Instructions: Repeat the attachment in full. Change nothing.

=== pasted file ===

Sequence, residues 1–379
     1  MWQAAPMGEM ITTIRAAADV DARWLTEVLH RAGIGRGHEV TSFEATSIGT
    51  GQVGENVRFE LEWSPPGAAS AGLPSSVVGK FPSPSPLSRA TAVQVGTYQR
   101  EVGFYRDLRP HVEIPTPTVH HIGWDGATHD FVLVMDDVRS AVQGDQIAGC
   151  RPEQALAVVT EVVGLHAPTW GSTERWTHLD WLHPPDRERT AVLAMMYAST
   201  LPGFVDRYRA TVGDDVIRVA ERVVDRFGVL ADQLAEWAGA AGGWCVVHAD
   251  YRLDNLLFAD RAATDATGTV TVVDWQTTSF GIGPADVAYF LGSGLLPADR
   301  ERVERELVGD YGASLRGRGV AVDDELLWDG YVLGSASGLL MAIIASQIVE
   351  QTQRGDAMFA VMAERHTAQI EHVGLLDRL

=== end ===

Sequence, residues 1–379
     1  MWQAAPMGEM ITTIRAAADV DARWLTEVLH RAGIGRGHEV TSFEATSIGT
    51  GQVGENVRFE LEWSPPGAAS AGLPSSVVGK FPSPSPLSRA TAVQVGTYQR
   101  EVGFYRDLRP HVEIPTPTVH HIGWDGATHD FVLVMDDVRS AVQGDQIAGC
   151  RPEQALAVVT EVVGLHAPTW GSTERWTHLD WLHPPDRERT AVLAMMYAST
   201  LPGFVDRYRA TVGDDVIRVA ERVVDRFGVL ADQLAEWAGA AGGWCVVHAD
   251  YRLDNLLFAD RAATDATGTV TVVDWQTTSF GIGPADVAYF LGSGLLPADR
   301  ERVERELVGD YGASLRGRGV AVDDELLWDG YVLGSASGLL MAIIASQIVE
   351  QTQRGDAMFA VMAERHTAQI EHVGLLDRL